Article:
The acclaimed Indian-American printmaker Zareena Hashmi has been recognized by Google Doodle for her outstanding work.

The themes of home, displacement, limits, and memory are all explored throughout Hashmi’s artwork.

Zareena Hashmi, an Indian-American artist and printmaker, is honored in the Google Doodle.


Her contributions to the minimalist art movement are well known.

The Doodle, a work by New York-based guest artist Tara Anand, displays Hashmi’s geometric and minimalistic aesthetic, which is rooted on the themes of home, displacement, limits, and remembrance.

You should be aware of two things: Geometric shapes are used in Zareena Hashmi’s artwork to explore themes like home, displacement, borders, and memory.

You should be aware of two things: Zareena Hashmi uses geometric shapes in her artwork to explore concepts like home, displacement, limits, and memory.

Since she was such a devoted supporter of women and many artists, she has left behind a significant legacy of support.

Zareena Hashmi addresses the world from India: On this day in 1937, in the Indian hamlet of Aligarh, Zareena Hashmi was born.

She spent her early years in a lovely environment before the 1947 Indian-Pakistani partition forced her family to relocate to Karachi, Pakistan.

When she was 21 years old, she got married to a diplomat in the foreign service and embarked on a journey that took her to Bangkok, Paris, and Japan.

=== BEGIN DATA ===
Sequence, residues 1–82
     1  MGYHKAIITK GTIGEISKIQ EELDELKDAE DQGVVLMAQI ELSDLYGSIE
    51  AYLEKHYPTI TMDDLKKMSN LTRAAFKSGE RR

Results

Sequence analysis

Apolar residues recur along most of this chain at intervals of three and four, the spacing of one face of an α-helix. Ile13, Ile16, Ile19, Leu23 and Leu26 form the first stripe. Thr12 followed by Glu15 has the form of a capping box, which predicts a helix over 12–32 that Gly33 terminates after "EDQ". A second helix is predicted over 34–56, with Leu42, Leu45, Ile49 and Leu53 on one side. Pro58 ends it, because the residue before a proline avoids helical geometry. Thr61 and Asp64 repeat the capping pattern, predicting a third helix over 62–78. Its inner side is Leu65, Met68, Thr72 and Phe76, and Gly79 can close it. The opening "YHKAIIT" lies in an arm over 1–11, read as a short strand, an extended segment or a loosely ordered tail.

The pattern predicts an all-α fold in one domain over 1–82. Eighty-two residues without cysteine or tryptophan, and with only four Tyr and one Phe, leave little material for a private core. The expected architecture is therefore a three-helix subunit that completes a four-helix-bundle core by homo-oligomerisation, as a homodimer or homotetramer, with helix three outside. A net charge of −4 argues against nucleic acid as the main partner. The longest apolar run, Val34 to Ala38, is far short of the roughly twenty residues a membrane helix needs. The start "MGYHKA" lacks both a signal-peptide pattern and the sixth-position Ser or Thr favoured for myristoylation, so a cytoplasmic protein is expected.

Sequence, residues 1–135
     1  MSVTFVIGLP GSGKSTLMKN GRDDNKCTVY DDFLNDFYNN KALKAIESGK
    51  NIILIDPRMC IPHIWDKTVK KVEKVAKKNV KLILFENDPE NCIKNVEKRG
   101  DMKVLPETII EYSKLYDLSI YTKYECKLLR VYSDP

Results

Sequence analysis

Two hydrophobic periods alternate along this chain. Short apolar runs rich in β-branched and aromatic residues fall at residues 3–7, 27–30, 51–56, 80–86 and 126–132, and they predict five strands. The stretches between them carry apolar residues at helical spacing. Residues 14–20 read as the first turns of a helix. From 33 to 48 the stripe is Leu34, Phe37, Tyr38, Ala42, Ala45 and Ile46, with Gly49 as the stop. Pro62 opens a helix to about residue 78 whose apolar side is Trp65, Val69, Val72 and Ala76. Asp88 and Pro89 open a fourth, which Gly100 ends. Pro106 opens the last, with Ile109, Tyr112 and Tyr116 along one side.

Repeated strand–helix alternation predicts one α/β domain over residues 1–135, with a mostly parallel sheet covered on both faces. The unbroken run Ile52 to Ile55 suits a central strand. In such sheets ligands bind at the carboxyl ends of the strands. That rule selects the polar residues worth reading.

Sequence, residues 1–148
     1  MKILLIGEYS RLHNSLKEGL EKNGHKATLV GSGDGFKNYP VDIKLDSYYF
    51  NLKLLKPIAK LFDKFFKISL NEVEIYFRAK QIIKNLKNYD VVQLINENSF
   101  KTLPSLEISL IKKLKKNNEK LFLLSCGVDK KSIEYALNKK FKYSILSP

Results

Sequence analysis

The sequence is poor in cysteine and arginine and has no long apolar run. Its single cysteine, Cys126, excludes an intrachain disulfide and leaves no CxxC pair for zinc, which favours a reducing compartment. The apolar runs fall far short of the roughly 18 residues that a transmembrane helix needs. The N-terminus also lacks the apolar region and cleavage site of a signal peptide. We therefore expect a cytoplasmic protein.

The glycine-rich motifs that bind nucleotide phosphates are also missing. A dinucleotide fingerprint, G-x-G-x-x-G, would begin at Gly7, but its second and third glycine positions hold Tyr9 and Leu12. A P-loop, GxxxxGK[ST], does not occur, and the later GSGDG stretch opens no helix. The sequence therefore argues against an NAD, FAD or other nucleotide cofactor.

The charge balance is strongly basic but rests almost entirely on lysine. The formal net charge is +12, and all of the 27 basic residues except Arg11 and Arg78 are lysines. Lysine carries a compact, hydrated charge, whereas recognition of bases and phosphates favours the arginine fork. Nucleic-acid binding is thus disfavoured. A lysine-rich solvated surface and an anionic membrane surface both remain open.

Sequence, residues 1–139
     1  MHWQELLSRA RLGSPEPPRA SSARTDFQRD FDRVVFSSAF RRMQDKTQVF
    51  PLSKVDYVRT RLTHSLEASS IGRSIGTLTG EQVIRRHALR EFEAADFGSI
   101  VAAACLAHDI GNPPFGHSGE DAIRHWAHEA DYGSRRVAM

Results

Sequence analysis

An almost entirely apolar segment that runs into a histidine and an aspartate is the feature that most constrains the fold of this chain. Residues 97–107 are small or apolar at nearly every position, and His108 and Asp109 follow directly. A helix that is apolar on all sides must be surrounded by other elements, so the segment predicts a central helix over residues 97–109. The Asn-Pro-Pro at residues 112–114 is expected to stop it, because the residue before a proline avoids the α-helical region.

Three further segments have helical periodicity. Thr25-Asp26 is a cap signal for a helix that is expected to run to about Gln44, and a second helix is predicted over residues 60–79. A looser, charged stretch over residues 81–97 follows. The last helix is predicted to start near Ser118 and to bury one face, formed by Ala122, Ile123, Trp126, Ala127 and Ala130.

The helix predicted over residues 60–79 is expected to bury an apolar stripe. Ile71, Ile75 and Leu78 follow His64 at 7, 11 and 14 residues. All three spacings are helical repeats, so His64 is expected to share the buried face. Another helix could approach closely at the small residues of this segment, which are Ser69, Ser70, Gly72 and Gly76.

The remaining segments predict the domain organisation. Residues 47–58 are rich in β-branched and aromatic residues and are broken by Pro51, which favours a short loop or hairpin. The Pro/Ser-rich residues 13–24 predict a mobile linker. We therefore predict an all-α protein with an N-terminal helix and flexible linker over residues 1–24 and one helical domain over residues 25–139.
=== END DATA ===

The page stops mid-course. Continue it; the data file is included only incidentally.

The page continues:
While she was residing in Japan, she started to get quite interested in printmaking.

Zareena remained connected to art movements such as modernism and abstraction.
Law and Curatorial Career: In 1977, Hashmi settled in New York City, where she became a prominent lawyer for women and color artists.

She joined the Heresies Collective, a feminist publication that explored the intersection of art, politics, and social justice.

Hashmi also taught at the New York Feminist Art Institute, advocating for equal educational opportunities for women artists.

Among her notable contributions was co-curating the landmark exhibition “Dialectics of Isolation: An Exhibition of Third World Women Artists of the United States” at AIR Gallery in 1980.

The exhibition provided a platform for colorful women artists and showcased a diverse range of works.

Hashmi’s art, characterized by woodcuts and intaglio prints, often featured semi-abstract depictions of homes and cities where she resided.

Her works often incorporated calligraphic elements in her native Urdu and drew inspiration from geometric elements of Islamic art.

Today, people from around the world can admire Zareena Hashmi’s art, which is showcased in prestigious permanent collections such as the San Francisco Museum of Modern Art, Whitney Museum of American Art, Solomon R. Guggenheim Museum, and the Metropolitan Museum of Art.

Sadly, Zareena Hashmi passed away on April 25, 2020, in London due to the complications of Alzheimer’s disease. Nevertheless, her artistic legacy continues to resonate and provide insight.


Leave a Comment